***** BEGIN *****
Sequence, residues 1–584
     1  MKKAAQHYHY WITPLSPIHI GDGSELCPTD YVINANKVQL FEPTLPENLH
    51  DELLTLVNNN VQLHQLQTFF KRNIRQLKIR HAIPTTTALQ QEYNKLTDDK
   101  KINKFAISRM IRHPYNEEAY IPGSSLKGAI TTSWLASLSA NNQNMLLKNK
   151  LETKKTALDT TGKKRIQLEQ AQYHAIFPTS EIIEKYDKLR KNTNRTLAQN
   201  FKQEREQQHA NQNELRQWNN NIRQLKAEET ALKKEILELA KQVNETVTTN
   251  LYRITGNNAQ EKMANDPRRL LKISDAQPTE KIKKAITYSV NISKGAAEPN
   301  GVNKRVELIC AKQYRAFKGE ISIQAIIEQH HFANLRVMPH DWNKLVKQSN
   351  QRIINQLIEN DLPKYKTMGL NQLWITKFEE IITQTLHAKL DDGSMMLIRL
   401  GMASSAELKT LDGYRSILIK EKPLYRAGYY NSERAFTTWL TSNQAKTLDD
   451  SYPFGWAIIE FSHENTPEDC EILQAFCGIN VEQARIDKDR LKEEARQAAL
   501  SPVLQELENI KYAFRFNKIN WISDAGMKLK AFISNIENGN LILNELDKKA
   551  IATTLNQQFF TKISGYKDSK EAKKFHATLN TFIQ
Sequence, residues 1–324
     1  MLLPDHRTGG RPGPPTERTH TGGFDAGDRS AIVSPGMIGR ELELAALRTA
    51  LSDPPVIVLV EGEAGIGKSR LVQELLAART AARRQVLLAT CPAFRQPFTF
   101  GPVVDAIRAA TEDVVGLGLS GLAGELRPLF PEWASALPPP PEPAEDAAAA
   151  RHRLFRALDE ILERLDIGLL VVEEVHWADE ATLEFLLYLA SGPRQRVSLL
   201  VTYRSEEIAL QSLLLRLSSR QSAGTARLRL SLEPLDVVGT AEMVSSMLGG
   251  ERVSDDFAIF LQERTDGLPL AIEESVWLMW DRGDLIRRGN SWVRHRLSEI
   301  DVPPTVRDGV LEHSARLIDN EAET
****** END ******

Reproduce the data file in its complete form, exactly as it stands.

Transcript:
Sequence, residues 1–584
     1  MKKAAQHYHY WITPLSPIHI GDGSELCPTD YVINANKVQL FEPTLPENLH
    51  DELLTLVNNN VQLHQLQTFF KRNIRQLKIR HAIPTTTALQ QEYNKLTDDK
   101  KINKFAISRM IRHPYNEEAY IPGSSLKGAI TTSWLASLSA NNQNMLLKNK
   151  LETKKTALDT TGKKRIQLEQ AQYHAIFPTS EIIEKYDKLR KNTNRTLAQN
   201  FKQEREQQHA NQNELRQWNN NIRQLKAEET ALKKEILELA KQVNETVTTN
   251  LYRITGNNAQ EKMANDPRRL LKISDAQPTE KIKKAITYSV NISKGAAEPN
   301  GVNKRVELIC AKQYRAFKGE ISIQAIIEQH HFANLRVMPH DWNKLVKQSN
   351  QRIINQLIEN DLPKYKTMGL NQLWITKFEE IITQTLHAKL DDGSMMLIRL
   401  GMASSAELKT LDGYRSILIK EKPLYRAGYY NSERAFTTWL TSNQAKTLDD
   451  SYPFGWAIIE FSHENTPEDC EILQAFCGIN VEQARIDKDR LKEEARQAAL
   501  SPVLQELENI KYAFRFNKIN WISDAGMKLK AFISNIENGN LILNELDKKA
   551  IATTLNQQFF TKISGYKDSK EAKKFHATLN TFIQ
Sequence, residues 1–324
     1  MLLPDHRTGG RPGPPTERTH TGGFDAGDRS AIVSPGMIGR ELELAALRTA
    51  LSDPPVIVLV EGEAGIGKSR LVQELLAART AARRQVLLAT CPAFRQPFTF
   101  GPVVDAIRAA TEDVVGLGLS GLAGELRPLF PEWASALPPP PEPAEDAAAA
   151  RHRLFRALDE ILERLDIGLL VVEEVHWADE ATLEFLLYLA SGPRQRVSLL
   201  VTYRSEEIAL QSLLLRLSSR QSAGTARLRL SLEPLDVVGT AEMVSSMLGG
   251  ERVSDDFAIF LQERTDGLPL AIEESVWLMW DRGDLIRRGN SWVRHRLSEI
   301  DVPPTVRDGV LEHSARLIDN EAET